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Since chlorine is quite a heavy element (heavier elements are produced in lesser quantities by stars), the star which produced enough chlorine to create a whole chlorine world/planet must have been a 9 solar masses+ blue supergiant star. This star exploded in a supernova and from its remains (the nebula) this planet could have formed.

Chlorine gas is not a very good greenhouse gas, meaning that your planet would not be a blistering world unless it was quite close to the parent star. Or if you prefer to have CFCs in the atmosphere instead of pure chlorine, then yes, you do get a highly greenhouse atmosphere with a large heat reserve.

A planet with an atmosphere primarily composed of chlorine is indeed possible, considering that there is nothing which makes it impossible to form. However, such a planet cannot be of a gas giant size. It would be a terrestrial planet (most probably Mars sized) with vast amounts of chlorine-containing chemicals in its crust. These chemicals either suffer decay or are processed (by organic processes) by microbes to release the chlorine in them.

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Your planet couldn't exist, because it's too hot for sulfuric acid oceans.

If your planet is Venus-like, it can't have sulfuric acid oceans. Liquid sulfuric acid only exists in the upper portions of the Venusian atmosphere. Droplets do collect into rain, but this evaporates and then dissociates into other molecules as it enters the lower portions of the atmosphere. Your planet would need to be significantly cooler for oceans of sulfuric acid to form.

EDIT: The question changed since I answered it, so I'll come back and fix this answer at some point.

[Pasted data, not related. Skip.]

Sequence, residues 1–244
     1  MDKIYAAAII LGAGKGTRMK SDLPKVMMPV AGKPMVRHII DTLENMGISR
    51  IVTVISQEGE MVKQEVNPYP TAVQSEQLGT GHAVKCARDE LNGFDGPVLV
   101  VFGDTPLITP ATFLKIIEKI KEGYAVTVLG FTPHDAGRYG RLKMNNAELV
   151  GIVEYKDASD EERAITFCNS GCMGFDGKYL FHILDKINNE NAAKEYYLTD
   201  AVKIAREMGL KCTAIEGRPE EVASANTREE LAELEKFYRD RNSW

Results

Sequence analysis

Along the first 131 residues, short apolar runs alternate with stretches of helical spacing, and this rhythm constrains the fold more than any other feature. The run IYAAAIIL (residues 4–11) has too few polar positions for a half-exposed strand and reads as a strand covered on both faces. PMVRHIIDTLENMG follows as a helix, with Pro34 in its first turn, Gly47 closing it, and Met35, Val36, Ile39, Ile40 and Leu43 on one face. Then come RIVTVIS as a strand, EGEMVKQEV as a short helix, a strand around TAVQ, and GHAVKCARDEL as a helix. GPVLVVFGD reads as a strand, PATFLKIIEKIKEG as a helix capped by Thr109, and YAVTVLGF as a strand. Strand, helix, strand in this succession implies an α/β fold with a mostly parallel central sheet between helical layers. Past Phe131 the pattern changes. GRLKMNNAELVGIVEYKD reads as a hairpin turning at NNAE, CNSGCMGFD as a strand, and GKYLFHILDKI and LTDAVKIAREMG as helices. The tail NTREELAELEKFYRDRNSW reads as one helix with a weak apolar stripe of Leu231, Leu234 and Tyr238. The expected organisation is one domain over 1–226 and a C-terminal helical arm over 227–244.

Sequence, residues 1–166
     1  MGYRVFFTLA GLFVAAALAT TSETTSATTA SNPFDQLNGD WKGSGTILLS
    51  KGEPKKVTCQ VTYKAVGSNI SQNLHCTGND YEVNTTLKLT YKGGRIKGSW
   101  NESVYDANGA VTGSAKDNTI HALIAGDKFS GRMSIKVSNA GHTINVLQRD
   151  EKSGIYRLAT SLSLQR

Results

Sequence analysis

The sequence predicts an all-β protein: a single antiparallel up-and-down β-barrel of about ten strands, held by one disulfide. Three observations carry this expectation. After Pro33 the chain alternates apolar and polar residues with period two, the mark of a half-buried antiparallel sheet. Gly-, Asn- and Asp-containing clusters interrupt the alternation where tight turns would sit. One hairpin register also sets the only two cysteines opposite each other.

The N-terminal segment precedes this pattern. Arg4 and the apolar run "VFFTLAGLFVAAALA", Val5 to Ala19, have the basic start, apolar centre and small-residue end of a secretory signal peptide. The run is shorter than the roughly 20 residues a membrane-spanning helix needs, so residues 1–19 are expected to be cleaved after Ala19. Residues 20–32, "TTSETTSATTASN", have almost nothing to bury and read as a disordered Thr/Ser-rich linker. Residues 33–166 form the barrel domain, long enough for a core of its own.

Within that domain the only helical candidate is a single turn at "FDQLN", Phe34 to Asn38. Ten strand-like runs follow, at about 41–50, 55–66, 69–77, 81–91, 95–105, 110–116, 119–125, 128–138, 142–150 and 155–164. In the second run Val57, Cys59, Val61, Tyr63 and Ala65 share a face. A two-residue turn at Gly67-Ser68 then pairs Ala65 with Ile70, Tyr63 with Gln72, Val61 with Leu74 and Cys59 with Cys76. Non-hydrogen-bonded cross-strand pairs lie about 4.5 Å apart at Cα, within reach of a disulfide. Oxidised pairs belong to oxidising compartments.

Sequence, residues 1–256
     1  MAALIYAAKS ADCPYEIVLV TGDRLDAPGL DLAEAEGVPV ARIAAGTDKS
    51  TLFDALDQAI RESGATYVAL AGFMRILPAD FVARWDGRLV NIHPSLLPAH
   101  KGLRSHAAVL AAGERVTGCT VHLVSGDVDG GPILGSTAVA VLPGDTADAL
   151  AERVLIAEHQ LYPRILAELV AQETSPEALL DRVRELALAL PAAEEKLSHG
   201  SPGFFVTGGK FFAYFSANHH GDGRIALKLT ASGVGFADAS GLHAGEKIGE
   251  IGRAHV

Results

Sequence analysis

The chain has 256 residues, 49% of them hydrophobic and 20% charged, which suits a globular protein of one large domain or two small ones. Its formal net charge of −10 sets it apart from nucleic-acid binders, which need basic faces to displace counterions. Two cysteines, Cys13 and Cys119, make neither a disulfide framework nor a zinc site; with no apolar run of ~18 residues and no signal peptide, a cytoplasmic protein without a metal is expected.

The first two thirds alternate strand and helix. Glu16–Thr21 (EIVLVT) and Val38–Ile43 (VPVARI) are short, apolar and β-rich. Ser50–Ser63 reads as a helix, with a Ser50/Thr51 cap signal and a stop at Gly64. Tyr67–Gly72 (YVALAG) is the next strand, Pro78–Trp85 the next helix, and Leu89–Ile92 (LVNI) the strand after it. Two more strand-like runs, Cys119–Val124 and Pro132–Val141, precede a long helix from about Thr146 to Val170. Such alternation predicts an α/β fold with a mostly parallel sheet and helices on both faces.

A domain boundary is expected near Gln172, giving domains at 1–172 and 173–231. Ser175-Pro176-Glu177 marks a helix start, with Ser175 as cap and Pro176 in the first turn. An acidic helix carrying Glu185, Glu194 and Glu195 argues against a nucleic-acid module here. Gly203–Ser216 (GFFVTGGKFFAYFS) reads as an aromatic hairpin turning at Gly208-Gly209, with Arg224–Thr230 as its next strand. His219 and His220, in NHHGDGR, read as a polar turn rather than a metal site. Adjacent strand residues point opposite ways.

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  • $\begingroup$ How cooler would it need to be? If I calculated correctly under 90 atm the boiling point of sulfuric acid is 770C (significantly higher than 462C). For water this is 279C: I cannot go below that and allow liquid water on the planet. $\endgroup$ – Anonymous Oct 19 '16 at 16:39
  • $\begingroup$ I disagree. Sulfuric acid is liquid at standard pressure between 10C and 337C. I can't find corrected values for 90 atm, but I suspect that the boiling point is much higher under pressure, just as waters is. The linked vitriolic world's surface temps of 250C-330C seem about right. $\endgroup$ – kingledion Oct 19 '16 at 17:42
  • $\begingroup$ I'm not entirely sure what temperature/pressure would work for having sulfuric acid oceans. I know that, on Venus, sulfuric acid boils/breaks down before it reaches the surface, but it has liquid sulfuric acid higher in the atmosphere. If your planet is basically Venus minus the first few kilometers of atmosphere, you could probably have oceans of liquid sulfuric acid. There will be some water in your oceans, as well, since sulfuric acid is water soluble and will absorb some water from the atmosphere. $\endgroup$ – ckersch Oct 19 '16 at 18:30